Background: A medicinal cannabis pilot program was launched in Denmark in 2018 to support patients as countermeasure against self-medication by use of cannabis products from the illicit market. The aim was to facilitate patient access to adjuvate therapy using medicinal cannabis under the guidance of physicians.
Objective: The aim of this interview study was to elucidate how health care professionals (HCPs) perceive cancer patients enquiring about cannabis medicine (CM), including medicinal cannabis and cannabis-based medicine, for adjuvant palliative therapy.
Design: The program used semistructured qualitative research interviews with thematic analysis.
Setting/Participants: Fifty HCPs took part in the study with 10 informants in each of the following 5 groups: oncologists, palliative care specialists, general practitioners, registered nurses in oncology, and in palliative care.
Results: The informants reported that optional CM as adjuvant therapy was only discussed when initiated by the patient or relatives. Reluctance by HCPs to enter into a dialogue about CM with their patients was mainly explained by the lack of clinical evidence for the use of CM in palliative care of patients with cancer. None of the oncologists had ever prescribed CM, while three palliative care specialists and two general practitioners had issued prescriptions on rare occasions.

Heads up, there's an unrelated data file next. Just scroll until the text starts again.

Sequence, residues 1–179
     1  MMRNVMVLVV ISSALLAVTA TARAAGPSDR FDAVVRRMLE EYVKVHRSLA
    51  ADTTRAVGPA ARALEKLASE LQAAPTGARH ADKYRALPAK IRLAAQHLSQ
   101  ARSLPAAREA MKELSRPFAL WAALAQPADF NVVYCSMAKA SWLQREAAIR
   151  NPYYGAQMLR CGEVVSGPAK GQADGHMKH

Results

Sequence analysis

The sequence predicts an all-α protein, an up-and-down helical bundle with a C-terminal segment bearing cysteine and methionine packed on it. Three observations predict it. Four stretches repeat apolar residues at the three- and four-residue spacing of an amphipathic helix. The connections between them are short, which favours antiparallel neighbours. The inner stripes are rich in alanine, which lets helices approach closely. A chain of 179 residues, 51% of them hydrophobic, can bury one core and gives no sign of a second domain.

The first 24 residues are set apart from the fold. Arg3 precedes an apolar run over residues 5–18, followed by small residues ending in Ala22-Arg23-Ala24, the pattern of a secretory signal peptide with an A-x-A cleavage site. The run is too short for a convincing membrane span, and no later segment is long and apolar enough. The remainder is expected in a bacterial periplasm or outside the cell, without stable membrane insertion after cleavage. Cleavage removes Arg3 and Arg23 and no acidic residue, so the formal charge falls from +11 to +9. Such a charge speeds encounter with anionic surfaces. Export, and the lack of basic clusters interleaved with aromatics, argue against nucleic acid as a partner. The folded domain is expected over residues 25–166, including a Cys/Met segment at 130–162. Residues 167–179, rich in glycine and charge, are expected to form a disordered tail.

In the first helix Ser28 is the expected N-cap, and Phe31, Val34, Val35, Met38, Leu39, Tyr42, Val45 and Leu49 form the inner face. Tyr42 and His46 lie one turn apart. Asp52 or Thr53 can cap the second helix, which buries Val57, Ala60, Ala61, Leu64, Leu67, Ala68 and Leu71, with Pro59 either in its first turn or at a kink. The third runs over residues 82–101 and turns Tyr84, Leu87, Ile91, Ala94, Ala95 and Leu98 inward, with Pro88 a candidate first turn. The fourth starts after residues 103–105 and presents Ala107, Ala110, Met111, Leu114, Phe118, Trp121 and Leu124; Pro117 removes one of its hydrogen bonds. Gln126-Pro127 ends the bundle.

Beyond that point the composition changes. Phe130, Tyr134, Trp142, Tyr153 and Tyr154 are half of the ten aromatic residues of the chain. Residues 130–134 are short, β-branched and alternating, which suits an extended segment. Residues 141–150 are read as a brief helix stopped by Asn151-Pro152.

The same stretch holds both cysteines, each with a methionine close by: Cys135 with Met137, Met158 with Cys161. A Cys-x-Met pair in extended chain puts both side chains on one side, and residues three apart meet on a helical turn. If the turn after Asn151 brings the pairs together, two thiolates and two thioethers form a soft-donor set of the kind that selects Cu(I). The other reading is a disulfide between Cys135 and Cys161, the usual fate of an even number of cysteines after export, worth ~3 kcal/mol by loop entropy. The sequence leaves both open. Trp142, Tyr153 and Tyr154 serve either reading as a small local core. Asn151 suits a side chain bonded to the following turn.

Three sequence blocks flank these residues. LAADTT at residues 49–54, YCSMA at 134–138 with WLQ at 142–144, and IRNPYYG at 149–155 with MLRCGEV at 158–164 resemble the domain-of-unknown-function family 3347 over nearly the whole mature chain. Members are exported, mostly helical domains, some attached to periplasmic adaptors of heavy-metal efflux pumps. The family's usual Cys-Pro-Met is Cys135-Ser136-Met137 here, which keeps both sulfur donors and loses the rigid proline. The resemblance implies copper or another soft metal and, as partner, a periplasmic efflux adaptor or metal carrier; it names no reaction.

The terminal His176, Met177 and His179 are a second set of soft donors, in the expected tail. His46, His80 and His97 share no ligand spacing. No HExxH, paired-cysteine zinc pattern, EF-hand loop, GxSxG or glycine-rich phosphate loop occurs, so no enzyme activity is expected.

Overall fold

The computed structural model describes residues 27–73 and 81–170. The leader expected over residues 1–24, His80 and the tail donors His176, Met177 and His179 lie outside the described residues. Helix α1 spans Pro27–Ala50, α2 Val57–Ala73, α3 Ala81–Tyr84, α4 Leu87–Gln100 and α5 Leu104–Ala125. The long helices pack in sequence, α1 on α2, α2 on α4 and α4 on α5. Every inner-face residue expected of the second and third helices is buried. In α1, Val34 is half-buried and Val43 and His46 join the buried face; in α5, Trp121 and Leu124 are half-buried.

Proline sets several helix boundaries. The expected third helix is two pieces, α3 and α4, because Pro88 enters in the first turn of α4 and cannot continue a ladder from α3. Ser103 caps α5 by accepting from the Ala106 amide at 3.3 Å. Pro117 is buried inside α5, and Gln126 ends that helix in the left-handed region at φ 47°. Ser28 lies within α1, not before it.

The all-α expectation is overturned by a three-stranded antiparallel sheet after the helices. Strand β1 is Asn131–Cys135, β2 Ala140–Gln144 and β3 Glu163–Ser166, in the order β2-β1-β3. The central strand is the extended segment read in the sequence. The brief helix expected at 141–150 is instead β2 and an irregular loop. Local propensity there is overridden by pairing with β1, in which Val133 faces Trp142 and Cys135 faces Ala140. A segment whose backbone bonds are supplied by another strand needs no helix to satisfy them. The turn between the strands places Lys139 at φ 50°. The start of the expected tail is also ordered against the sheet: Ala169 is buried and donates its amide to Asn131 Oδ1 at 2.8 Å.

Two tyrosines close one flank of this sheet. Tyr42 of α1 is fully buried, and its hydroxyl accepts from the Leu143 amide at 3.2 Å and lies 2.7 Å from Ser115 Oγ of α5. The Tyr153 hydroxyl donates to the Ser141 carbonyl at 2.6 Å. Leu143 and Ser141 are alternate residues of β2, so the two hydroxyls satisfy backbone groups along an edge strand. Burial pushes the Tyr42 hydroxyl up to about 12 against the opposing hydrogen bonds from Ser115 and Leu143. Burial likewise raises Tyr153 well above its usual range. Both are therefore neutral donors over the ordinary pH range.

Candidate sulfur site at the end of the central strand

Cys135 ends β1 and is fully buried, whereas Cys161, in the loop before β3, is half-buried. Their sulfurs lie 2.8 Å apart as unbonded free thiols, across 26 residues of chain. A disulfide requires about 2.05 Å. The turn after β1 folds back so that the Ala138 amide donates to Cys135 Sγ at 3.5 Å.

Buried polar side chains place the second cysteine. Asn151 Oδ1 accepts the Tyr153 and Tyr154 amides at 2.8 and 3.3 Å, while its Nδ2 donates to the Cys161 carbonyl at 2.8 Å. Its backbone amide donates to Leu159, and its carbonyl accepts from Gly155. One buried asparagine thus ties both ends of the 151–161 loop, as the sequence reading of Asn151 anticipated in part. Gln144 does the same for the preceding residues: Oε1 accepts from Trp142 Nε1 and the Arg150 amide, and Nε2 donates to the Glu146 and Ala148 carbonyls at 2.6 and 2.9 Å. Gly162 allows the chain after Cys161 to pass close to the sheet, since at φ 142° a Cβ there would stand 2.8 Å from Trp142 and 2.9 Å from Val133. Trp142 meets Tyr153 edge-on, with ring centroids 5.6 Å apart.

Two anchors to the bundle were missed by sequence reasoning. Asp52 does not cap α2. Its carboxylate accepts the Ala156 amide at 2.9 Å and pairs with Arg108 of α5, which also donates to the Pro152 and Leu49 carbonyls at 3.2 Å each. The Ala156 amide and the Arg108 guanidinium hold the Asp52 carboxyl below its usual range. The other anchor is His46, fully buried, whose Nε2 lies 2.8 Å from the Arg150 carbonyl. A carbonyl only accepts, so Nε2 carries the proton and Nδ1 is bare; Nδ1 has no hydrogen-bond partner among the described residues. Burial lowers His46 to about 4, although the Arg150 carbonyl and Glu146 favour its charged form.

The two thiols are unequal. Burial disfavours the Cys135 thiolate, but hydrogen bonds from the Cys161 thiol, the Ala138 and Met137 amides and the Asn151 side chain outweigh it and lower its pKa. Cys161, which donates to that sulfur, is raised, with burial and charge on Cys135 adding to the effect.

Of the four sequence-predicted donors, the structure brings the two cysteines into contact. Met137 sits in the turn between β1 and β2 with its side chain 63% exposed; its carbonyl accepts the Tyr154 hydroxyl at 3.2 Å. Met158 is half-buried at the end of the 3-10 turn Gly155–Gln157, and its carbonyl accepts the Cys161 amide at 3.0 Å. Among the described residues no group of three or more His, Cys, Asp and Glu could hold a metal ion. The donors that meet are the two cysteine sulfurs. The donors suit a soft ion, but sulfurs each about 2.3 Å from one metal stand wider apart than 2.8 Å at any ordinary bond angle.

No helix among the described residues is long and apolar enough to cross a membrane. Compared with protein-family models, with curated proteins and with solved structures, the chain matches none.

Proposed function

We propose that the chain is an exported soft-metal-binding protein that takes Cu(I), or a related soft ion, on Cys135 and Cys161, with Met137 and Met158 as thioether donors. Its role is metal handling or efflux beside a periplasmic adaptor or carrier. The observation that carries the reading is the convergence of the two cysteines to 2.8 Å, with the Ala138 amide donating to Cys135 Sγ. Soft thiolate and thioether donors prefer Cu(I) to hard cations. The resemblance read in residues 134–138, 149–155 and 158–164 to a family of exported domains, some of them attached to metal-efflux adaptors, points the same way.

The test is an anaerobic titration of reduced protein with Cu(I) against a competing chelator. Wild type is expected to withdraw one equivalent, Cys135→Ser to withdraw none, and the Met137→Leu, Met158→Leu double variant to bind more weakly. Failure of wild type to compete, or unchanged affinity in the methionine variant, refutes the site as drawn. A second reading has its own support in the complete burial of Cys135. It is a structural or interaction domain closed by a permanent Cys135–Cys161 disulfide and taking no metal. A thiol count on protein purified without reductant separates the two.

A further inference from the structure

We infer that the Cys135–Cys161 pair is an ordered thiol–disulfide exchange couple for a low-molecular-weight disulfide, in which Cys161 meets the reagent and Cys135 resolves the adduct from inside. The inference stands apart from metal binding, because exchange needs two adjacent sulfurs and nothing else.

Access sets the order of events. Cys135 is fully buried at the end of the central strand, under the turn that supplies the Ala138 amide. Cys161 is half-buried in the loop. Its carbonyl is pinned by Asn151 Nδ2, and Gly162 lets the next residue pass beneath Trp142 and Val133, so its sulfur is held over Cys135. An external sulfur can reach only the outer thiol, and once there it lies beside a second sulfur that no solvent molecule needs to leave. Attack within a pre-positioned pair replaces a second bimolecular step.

Conclusion: HCPs involved in cancer treatment and palliative care are in general reluctant to discuss optional adjuvant CM therapy with their patients. The Danish health care authorities need to address this barrier to ensure that patients eligible for CM therapy are given this option as intended by the launch of the national pilot program.